By Heidi Vogt
Discounts established to help less-developed countries have continued to apply even as China has become a major e-commerce shipper.
WASHINGTON—A Trump administration threat to pull out of a global mail system over its discounted shipping rates from China could spur a change in those rates as early as April, the head of the United Nations agency that oversees the system said.The U.S. last week started a year long process to withdraw from the 144-year-old Universal Postal Union because it had failed to eliminate international discounts. Those discounts, aimed at helping developing countries, have continued to apply to China even as it has grown to become the world’s second-largest economy. They can make it cheaper to ship small packages from China to the U.S. than from locations within the U.S.
The move was the latest salvo by the Trump administration against China and a reminder of the president’s willingness to abandon international organizations that he says don’t help U.S. interests. American manufacturers welcomed the move, saying the flood of cheap goods from China undercut their business. The UPU, which is now holding previously scheduled council meetings, commissioned a report Tuesday that is the first step toward fast-tracking new rates, Director General Bishar Hussein said in an interview.
“If we work fast enough, and the member countries are all in consensus on these issues and decisions are made, by April next year I think it is a possibility,” Mr. Hussein said.The discounts also benefit countries including Russia and Mexico. The U.S. has stressed that its decision isn’t only about China, though that obviously is a large factor. Administration officials have said the lower rates cost the U.S. Postal Service some $300 million a year, with discounts ranging from 40% to 70%. Mr. Hussein said he welcomed the move by the U.S. if it manages to reform the group’s “archaic” rates.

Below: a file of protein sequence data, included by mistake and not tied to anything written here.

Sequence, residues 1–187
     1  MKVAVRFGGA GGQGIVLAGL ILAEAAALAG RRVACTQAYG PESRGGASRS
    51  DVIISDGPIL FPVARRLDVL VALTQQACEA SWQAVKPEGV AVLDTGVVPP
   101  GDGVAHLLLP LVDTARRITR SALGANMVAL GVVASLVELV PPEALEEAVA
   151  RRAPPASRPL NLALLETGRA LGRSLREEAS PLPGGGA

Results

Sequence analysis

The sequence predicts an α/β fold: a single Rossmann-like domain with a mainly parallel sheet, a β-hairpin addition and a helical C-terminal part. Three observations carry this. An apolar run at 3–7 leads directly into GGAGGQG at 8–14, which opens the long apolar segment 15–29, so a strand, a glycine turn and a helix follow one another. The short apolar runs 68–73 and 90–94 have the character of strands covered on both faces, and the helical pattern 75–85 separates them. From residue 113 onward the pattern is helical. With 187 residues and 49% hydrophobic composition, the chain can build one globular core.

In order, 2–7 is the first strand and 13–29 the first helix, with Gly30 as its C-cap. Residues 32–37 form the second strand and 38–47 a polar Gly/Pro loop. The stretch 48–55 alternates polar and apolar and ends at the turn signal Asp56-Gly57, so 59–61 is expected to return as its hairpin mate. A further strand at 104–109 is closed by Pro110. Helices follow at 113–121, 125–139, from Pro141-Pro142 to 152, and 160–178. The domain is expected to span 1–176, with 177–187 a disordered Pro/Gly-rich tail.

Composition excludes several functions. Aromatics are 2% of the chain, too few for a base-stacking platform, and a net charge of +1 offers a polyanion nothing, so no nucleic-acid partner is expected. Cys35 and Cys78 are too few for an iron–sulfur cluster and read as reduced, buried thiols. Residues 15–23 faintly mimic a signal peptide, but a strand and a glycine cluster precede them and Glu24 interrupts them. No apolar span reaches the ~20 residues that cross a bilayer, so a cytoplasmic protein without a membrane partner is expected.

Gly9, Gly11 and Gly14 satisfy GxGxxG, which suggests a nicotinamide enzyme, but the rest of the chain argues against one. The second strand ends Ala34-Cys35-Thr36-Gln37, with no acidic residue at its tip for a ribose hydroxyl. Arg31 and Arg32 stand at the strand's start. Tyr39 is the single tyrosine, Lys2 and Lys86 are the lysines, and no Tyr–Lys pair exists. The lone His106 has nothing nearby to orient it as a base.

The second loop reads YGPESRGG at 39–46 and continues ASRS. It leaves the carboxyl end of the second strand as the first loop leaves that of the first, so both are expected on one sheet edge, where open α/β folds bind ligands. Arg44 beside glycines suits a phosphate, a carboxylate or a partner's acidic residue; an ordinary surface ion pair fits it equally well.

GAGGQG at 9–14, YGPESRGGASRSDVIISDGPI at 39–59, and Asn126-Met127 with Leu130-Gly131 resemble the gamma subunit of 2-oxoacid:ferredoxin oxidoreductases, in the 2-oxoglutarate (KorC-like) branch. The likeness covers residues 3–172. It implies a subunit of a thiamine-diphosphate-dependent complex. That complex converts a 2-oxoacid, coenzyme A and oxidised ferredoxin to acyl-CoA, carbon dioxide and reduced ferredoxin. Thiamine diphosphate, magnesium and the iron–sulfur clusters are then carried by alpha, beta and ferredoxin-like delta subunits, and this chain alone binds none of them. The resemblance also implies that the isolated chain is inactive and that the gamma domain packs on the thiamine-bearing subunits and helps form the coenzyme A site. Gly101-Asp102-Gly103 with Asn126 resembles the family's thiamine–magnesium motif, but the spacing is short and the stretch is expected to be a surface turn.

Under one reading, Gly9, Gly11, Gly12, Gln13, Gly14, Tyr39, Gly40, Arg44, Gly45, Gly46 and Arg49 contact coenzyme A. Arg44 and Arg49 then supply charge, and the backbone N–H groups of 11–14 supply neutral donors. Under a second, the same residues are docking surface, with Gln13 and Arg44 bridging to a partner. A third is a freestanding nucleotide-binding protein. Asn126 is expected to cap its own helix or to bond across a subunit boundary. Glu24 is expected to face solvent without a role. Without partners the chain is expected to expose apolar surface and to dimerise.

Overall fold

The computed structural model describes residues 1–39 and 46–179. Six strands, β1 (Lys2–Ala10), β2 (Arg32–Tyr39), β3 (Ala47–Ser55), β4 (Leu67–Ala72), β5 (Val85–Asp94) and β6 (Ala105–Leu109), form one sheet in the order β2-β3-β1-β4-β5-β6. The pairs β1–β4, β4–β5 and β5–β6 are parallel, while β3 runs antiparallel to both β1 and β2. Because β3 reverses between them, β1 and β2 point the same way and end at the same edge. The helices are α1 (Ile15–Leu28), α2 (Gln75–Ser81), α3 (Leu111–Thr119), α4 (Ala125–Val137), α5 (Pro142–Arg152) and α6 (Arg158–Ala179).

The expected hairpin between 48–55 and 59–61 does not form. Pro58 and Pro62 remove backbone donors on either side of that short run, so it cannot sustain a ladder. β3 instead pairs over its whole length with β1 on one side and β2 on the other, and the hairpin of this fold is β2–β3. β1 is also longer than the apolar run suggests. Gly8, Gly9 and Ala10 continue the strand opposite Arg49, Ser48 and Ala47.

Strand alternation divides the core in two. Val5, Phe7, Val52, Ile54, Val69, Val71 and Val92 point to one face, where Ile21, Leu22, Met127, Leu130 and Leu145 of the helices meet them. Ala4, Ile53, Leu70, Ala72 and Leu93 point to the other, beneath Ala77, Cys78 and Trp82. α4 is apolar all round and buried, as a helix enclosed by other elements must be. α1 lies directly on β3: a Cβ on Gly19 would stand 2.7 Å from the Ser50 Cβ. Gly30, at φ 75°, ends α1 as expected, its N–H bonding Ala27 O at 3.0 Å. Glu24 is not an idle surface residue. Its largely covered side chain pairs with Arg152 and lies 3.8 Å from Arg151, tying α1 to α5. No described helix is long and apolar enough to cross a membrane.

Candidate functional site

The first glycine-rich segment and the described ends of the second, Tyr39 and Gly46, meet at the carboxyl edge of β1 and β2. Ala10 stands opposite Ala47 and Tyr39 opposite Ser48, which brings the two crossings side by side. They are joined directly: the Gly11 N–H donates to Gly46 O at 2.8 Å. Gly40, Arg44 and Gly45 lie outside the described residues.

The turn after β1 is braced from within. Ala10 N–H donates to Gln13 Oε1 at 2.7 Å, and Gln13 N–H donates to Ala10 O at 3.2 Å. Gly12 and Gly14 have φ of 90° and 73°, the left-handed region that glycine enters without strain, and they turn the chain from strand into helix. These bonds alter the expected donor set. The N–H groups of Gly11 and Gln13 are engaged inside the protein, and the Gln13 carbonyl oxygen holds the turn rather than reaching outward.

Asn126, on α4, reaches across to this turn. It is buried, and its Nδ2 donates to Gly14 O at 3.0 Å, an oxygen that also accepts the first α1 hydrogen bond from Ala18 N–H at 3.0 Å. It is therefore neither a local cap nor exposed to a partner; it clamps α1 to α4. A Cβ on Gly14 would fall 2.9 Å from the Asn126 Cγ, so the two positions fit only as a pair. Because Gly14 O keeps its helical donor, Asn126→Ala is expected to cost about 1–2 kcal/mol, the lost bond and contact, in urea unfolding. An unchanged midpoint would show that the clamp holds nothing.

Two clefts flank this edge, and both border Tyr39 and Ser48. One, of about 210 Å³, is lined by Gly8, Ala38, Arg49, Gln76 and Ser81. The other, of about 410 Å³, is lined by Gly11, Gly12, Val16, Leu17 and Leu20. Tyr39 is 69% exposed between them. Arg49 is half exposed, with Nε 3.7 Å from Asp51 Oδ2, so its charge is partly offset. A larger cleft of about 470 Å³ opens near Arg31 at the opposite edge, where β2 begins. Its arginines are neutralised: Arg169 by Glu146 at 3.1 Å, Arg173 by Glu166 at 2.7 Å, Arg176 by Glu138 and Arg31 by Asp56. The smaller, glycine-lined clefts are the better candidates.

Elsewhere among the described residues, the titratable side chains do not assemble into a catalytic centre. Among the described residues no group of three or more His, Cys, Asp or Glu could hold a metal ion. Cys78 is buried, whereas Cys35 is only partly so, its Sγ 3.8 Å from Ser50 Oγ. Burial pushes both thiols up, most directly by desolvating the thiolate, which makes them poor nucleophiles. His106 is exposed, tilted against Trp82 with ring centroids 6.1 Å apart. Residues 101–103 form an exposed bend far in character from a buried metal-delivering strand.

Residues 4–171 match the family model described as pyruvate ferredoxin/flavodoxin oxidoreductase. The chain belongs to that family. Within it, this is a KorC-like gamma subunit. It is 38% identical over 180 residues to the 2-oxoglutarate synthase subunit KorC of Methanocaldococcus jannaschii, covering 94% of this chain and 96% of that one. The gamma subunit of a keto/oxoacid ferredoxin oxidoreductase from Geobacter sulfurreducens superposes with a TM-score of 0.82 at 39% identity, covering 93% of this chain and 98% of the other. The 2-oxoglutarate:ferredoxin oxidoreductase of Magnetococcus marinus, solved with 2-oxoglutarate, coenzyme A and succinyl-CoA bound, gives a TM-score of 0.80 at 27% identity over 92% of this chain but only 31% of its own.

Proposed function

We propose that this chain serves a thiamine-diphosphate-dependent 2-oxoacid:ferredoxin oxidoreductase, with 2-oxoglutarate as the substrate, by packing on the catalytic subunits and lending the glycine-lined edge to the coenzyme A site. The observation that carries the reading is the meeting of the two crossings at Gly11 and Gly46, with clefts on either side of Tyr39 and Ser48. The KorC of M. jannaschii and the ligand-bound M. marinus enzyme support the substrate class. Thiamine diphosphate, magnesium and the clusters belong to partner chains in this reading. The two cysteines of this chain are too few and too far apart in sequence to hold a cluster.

“Now with the U.S. coming in and saying, ‘Sorry, enough is enough,’ I think this is going to take the conversation to another level, and I’m very happy to see that,” Mr. Hussein said.
Mr. Hussein stressed that even a fast-tracked process has many steps, including the research report, a proposal and a vote by members. At least half of the organization’s 192 members have to vote for a proposal to be considered, and it can pass only with a two-thirds majority.
If the U.S. were to withdraw from the UPU, it would lose access to global processing and coding systems that make international mail possible, and it would have to negotiate bilateral postal agreements with every individual country, Mr. Hussein said. The U.S. has said it hopes to negotiate a solution that keeps it from having to withdraw from the UPU, but also has said it is proceeding with a plan to institute “self-declared” rates that could take effect within six months.